Have you heard of the band Joy Division?

Chinese food, not Chinese Internet!

Champions of Guess The Header

  • What is Guess The Header about? Let’s ask regular “Writing” reader, Shippy: "Anyway, after Franzy's stunning September, and having a crack at 'Guess The Header' for the first time - without truly knowing what I was doing mind you - I think I finally understand what 'GTH' is all about. At first I thought you needed to actually know what it was. Don't get me wrong — if you know what it is, it may help you. I now realise that it's more Franzy's way of invoking thought around an image or, more often than not, part of an image. If you dissect slightly the GTH explanatory sentence at the bottom of his blog you come up with this: “The photo is always taken by me and always connects in some way to the topic of the blog entry it heads up.” When the header is put up, the blog below it will in some obscure way have something to do with it. “Interesting comments are judged and scored arbitrarily and the process is open to corruption and bribery with all correspondence being entered into after the fact and on into eternity, ad infinitum amen.” Franzy judges it, but it's not always the GTH that describes the place perfectly that gets it. “The frequent commenters, the wits, the wags and the outright smartarses who, each entry, engage to both guess the origin and relevance of the strip of photo at the top (or “head”) of each new blog and also who leave what I deem the most interesting comment.” It generally helps if you're a complete smartarse and can twist things to mean whatever you feel they should mean - exactly the way Franzy would like things to be twisted." - Shippy Blogger and GTH point scorer.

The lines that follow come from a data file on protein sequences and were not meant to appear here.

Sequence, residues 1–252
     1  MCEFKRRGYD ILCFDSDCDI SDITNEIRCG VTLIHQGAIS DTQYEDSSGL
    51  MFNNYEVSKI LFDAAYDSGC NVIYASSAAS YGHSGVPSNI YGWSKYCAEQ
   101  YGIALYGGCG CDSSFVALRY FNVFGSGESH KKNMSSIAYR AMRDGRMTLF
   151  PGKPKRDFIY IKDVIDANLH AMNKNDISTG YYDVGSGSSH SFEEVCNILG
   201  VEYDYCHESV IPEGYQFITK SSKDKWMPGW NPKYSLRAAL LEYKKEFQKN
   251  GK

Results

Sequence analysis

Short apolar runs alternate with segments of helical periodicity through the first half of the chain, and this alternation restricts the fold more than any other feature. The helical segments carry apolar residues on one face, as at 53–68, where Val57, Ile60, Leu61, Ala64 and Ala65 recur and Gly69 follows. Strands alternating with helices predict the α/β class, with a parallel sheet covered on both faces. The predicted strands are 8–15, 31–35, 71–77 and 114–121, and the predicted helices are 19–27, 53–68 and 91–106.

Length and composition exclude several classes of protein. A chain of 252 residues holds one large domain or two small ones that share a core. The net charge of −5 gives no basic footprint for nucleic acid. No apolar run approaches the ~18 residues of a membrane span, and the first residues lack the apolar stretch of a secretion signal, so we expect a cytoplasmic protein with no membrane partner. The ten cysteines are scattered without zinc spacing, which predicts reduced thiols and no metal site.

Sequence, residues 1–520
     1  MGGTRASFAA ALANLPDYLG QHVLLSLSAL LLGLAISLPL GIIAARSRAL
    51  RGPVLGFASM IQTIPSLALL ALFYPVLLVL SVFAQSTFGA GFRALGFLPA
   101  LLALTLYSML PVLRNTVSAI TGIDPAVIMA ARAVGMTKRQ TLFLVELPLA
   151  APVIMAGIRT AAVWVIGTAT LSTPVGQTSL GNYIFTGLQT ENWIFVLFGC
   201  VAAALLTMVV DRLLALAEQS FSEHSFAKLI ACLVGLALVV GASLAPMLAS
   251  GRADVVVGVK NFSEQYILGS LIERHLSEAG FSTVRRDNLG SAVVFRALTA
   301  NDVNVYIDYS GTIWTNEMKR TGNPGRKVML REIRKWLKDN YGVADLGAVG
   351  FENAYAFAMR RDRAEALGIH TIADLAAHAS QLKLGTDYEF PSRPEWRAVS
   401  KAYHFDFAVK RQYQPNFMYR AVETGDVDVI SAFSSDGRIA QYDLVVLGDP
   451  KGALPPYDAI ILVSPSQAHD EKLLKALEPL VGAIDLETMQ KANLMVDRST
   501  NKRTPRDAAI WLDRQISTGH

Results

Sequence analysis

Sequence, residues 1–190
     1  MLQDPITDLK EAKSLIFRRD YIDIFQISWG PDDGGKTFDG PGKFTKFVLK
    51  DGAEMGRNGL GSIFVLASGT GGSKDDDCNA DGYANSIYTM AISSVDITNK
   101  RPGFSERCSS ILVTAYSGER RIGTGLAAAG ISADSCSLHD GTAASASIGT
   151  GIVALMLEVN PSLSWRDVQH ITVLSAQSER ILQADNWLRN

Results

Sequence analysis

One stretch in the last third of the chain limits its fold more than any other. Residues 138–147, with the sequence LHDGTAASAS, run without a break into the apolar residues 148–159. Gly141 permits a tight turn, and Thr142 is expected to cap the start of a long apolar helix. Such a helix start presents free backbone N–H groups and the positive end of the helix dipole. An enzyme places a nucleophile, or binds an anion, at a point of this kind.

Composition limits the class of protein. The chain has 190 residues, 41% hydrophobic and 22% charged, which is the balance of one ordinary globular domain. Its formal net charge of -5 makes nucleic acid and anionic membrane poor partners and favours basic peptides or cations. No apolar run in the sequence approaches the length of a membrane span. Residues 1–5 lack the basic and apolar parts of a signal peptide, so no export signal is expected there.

• Nai - 1
  • Lion Kinsman - 2
  • Will - 2
  • Brocky - 2
  • Andy Pants - 2
  • The 327th Male - 3
  • Mad Cat Lady - 3
  • Miles McClagen - 4
  • Myninjacockle - 4
  • Asheligh - 5
  • Neil - 5
  • Third Cat - 5
  • Adam Y - 6
  • Squib - 6
  • Mele - 6
  • Moifey - 7
  • Jono - 8
  • The Other, other Sam - 14
  • Kath Lockett - 15
  • Shippy - 19
  • River - 32